Yep, Bell hooks up with perky mama Rue from the opening scene...

"Don't Wake Mommy" is a routine entry in the psycho mother genre. Many scenes work, but there are major problems as characters move too quickly in the editing room. It gets difficult in the second half. At times, it seems like parts of the story are missing. Once, after a commercial break insert, a fairly large chunk of story appears to be missing. Characters move around illogically. One of the final scenes is mind-boggling as it suggests a character has completed an impossible crawl. Alex Essoe (as Susan Baxter) does well in the predictable best friend role and Mads Heldtberg's music is a strength. Alas, writer-director Chris Sivertson may not have had enough time or support to turn in a more acceptable product.

*** Don't Wake Mommy (2015/11/09) Chris Sivertson ~ Ashley Bell, Sara Rue, Dean Geyer, Alex Essoe

1 / 10

The worst

Hey lifetime hire someone with lady parts to write your scripts. a monkey could have written a more insightful story about a barnacle. Besides be incredibly slow, the underlying misogyny oozing from every pore of this film was distressing. How could a channel meant for women make a film that was offensively ignorant of what being a mother, wife, woman, human, living creature be? I have never seen anything so insanely 2-dimensional and lacking in insight or even entertainment value. I felt very badly for the actresses who had to try to give life to this absolutely inane script. I hope lifetime learns a lesson from this - the lesson is simple. Women are people too.

6 / 10

Watchable thriller, though very generic and predictable...

Well, I had the opportunity to sit down and watch the 2015 thriller "Don't Wake Mommy" (aka "Dark Intentions") here in 2021. And since it was a movie that I hadn't already seen, of course I did sit down to watch it.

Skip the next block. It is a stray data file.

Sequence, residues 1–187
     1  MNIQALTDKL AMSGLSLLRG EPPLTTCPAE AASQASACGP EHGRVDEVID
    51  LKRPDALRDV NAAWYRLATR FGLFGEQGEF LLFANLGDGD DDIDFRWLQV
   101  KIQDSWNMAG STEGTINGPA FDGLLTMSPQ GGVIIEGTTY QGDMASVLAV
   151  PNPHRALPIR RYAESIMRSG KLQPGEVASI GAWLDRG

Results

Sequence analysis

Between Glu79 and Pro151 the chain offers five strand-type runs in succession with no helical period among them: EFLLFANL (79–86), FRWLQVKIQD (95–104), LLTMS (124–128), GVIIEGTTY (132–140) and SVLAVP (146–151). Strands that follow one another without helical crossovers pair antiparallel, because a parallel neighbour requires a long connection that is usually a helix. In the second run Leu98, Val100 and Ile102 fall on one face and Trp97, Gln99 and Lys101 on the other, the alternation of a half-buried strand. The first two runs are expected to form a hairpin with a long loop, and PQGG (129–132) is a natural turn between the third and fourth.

And I have to admit that the fact that the movie had Sara Rue, Ashley Bell, Denise Crosby and Harry Van Gorkum on the cast list definitely helped to win me over. Just a shame though, that Denise Crosby and Harry Van Gorkum had so very little on-screen time in the movie.

It was nice to see Sara Rue in a movie such as "Don't Wake Mommy", and she really performed quite well in the movie, with her portrayal as Beth - a deranged woman. She really made the movie well-worth sitting through, together with the performance of Ashley Bell.

Sure, the storyline told in "Don't Wake Mommy" was as predictable as they come, but there still was something about it that just worked. It was perhaps a combination of an adequate storyline, albeit generic and predictable one, mixed with some interesting characters and some good acting performances.

While "Don't Wake Mommy" was watchable, writer and director Chris Sivertson hardly managed to deliver a movie that can sustain more than just a single viewing. Yeah, there just isn't enough contents to the storyline to make it a movie you'd watch more than once.

I did, however, actually enjoy this movie and it turned out better than I had anticipated it would. Hence, I am rating "Don't Wake Mommy" a six out of ten stars.